I feel like I should be titling this post "It's a Family Affair" but Quincy already used that this year. I think that is a good statement for what this year has been for us; a getting to know our greater family. As you can see from the picture above we had more participants than just the two of us (which is a nice change of pace). The group consisted of the brother novices from the Central Province and their director, two African sisters who are studying in Ohio and a Peace sister who came with them, the two of us and our directors, and our two preachers for the pilgrimage (Ann Willits, OP and Scott O'Brien, OP).
Though the week was to give us some history of St. Dominic and the beginning of the order, the Lands of Dominic experience really was all about family. At our first gathering we were given three questions to ponder and discuss: "What is my experience of Dominican family? What are the challenges of the family? What is my hope for the family?"
The schedule was clearly set up to give us a lot of reflection time and quiet. We spent the week in prayer, beginning each day with morning prayer and preaching.
We would spend some time "on the bus" going from one city to the next of the important stops in Dominic's life. It was a helpful way to learn about those early days. Using pictures and some story telling we were able to get a feel for the locations and what life was like over 800 years ago. It was interesting to get little tidbits along the way that I had not really thought about before. Things like, Dominic was my age when he went with Bishop Diego to Denmark, the trip that set in motion the events that would lead to the order being formed. And while I sometimes think that seems young to be doing something so important it is just as astounding that at 33, Dominic already had 26 years of school and community living behind him.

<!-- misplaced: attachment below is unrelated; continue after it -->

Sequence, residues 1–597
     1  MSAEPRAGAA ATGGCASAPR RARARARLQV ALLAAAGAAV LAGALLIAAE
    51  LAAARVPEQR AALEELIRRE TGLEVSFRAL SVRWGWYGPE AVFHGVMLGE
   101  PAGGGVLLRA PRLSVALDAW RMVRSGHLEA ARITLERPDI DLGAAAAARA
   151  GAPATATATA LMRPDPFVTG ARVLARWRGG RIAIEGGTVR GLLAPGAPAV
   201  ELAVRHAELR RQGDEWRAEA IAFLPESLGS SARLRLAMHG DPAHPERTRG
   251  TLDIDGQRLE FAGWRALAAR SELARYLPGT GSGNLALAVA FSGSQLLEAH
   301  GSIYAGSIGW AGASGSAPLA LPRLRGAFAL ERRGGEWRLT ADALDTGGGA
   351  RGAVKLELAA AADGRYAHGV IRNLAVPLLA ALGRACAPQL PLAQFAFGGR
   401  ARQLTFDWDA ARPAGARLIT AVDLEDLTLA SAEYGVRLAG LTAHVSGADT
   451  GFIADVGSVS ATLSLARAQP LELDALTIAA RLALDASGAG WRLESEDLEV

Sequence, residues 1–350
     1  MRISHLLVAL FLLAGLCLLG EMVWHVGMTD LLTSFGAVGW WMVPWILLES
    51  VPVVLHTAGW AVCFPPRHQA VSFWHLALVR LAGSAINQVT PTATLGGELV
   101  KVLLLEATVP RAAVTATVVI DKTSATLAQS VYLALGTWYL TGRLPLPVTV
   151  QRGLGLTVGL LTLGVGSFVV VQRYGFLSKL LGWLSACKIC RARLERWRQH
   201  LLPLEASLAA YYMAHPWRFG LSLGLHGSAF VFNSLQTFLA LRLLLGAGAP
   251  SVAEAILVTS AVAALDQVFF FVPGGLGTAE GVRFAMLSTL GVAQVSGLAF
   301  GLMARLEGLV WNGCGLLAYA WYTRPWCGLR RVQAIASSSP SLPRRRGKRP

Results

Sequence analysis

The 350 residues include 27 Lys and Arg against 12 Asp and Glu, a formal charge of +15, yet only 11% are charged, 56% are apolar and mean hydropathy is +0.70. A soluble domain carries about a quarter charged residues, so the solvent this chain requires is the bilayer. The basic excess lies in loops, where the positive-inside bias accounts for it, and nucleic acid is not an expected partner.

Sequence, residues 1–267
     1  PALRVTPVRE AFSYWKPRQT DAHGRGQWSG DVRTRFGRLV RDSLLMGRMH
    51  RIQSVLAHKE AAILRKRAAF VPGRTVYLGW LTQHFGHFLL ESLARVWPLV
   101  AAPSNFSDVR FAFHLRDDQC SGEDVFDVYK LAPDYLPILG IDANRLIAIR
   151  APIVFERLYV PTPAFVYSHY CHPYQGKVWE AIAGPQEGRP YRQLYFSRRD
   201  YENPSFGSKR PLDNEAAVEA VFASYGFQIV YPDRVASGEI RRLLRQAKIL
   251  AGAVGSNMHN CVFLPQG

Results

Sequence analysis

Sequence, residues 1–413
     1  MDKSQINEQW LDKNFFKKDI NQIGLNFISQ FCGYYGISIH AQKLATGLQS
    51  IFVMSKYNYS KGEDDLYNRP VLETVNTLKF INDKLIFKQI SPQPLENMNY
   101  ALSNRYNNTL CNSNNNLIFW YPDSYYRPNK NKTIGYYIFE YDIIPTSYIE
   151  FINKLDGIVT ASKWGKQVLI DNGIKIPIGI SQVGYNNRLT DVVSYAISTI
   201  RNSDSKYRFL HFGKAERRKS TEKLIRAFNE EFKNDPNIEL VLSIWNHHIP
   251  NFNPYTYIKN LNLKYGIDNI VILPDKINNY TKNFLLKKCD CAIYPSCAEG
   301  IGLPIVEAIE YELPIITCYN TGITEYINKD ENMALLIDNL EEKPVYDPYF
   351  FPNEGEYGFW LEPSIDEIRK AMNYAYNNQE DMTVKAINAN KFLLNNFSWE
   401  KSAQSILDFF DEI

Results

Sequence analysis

Each morning after our "bus trip" we would be given questions to discuss in small groups. The questions were a way for us to integrate our journey and experience of Dominican life with the journey that Dominic was on as the order was just beginning to form. The eight of us novices and student sisters had a wide background of personal experiences and an almost as wide background of Dominican experiences. They were rich conversations and a chance for our relationships to grow.
We, of course, shared our meals together and then, in true Spanish fashion, had a siesta. The afternoons were large groups discussions or a reflection in the chapel. The group discussions focused not on Dominic's actions or the workings of the early order but rather on the experience of family as Dominic originally intended and how we see that happening (or not happening) today. The day always ended with Mass.
The evenings were a chance to have a little fun and get to know each other in a less formal setting. It was a chance to have a little fun with each other. I was skeptical but it turns out the Bible version of "Apples to Apples" can be pretty hilarious.
Family was clearly the focus of the week. It was mentioned a few different times that the Dominican family is older than the Dominican order, that the importance was on the relationships, and especially that we should recognize that we are a part of this large family. We echoed in our reflections the importance of family relatedness. The understanding that, on occasion, we might not agree with one another or even like one another but that there is a familial bond between us that shows we will care for each other no matter what. And the even greater take away is that if we can master this understanding then we can model it. It is a need in this world. It is our opportunity in religious life to be counter-culture, to model the outward thinking of relatedness in an individualistic society.
|We had some pretty great examples of familial love|